April 13th, 2012. That was the night I had the opportunity to take back because of this wonderful and empowering event. Although I was not able to find the strength within me to share my story at the vigil, I walked away from the event knowing that I am a survivor and not a victim. For too long I have blamed myself for my rape, for putting myself in a vulnerable position and allowing such an awful experience to happen to me. But after sitting on those steps of Wynne Commons, listening to other survivors break the silence to end the violence, I realized that what happened to me was not my fault and that I am, in no way, responsible for my assault. Attending Take Back The Night was one of the best experiences of my life. I had the chance to take back a night I never wanted to happen and replace it with the amazing memories I made at this peaceful protest.

Editor’s Note: The author elects to remain anonymous.

 

Gregory Lewis: Shadows

portrait of woman who looks depressed

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Posted on March 23, 2015 by Gregory Lewis

“Here is the tragedy: when you are the victim of depression, not only do you feel utterly helpless and abandoned by the world, you also know that very few people can understand, or even begin to believe, that life can be this painful. There is nothing I can think of that is quite as isolating as this.” – Giles Andreae

Often as we go about lives we fail to notice that those near us are going through difficult times. Several of which struggle with mental illness such as schizophrenia, obsessive compulsive disorder, bipolar disorder and clinical depression. 1 in 10 Americans suffer from depression at one point or another. However, over 80% of people with clinical symptoms are not receiving treatment for their depression.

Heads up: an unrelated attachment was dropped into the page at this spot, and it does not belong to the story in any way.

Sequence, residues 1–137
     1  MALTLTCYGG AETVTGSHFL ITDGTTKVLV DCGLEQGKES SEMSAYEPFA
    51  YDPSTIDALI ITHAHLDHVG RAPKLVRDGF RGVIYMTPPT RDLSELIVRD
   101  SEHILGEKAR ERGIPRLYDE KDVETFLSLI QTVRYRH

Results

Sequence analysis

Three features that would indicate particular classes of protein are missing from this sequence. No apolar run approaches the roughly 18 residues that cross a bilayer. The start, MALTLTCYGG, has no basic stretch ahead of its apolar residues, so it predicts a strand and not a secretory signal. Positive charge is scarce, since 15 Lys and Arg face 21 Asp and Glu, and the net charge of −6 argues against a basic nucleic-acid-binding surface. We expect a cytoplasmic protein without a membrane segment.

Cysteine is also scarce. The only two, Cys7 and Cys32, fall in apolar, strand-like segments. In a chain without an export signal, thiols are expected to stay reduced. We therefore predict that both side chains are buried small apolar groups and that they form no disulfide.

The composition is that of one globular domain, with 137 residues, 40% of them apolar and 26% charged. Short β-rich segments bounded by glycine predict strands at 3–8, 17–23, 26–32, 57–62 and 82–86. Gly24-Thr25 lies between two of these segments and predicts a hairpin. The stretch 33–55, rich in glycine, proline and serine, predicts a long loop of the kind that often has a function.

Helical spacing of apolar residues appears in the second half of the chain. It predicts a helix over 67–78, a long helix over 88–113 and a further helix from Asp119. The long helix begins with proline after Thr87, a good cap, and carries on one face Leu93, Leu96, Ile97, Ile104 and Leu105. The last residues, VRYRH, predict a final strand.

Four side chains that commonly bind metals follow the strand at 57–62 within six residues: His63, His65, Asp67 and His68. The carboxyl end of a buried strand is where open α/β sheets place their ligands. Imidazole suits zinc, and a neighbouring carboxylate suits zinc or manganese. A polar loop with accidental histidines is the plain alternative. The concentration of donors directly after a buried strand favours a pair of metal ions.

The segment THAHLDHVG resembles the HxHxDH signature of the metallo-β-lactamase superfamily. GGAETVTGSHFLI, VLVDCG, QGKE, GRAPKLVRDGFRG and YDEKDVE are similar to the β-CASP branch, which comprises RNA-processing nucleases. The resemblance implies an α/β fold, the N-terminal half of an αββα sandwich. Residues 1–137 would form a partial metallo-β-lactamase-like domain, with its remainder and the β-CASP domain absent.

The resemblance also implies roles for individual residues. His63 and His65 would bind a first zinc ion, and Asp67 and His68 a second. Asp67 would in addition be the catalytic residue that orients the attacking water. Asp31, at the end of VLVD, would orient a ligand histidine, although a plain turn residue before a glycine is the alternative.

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young woman with depression

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Jessica was a first generation college student who graduated valedictorian of her high school . Her entire school was excited when she was accepted into an Ivy League institution. Jessica was moving quite far away from home but she deemed it worth it as she was pursuing her dreams at her dream school.

Jessica was quick to make friends once she began college because of her “bubbly personality”. However,  several months after being on campus she became extremely homesick. Additionally, her boyfriend of 4 years began what would eventually be two tours in Iraq. Jessica latter admitted that this added significant stress in her life as she was constantly worried about his well-being. Further adding to Jessica’s stress was her grades began to slip.

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depression

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Jessica began avoiding interactions with other and even stopped going to classes. Her eating habits completely changed and she began hating her body. She even said at one point that she wanted to just, “end it all”.

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Portraiture_5f-BLOG

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Thankfully, Jessica had made a close friend in her first few weeks at her school. This friend would constantly check on Jessica and encourage her to go to class. Eventually, with the encouragement of this friend, sought professional help to address this change. After having being diagnosed with clinical depression Jessica began to fight this crippling disease. Jessica still has a long road ahead of her but she looks forward to the future with a positive outlook.

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Photography and Text by Gregory Lewis, Copyright 2015

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About the Author: Gregory Lewis is majoring in Nursing, enrolled in the Wharton School of Business, University of Pennsylvania, Class of 2015.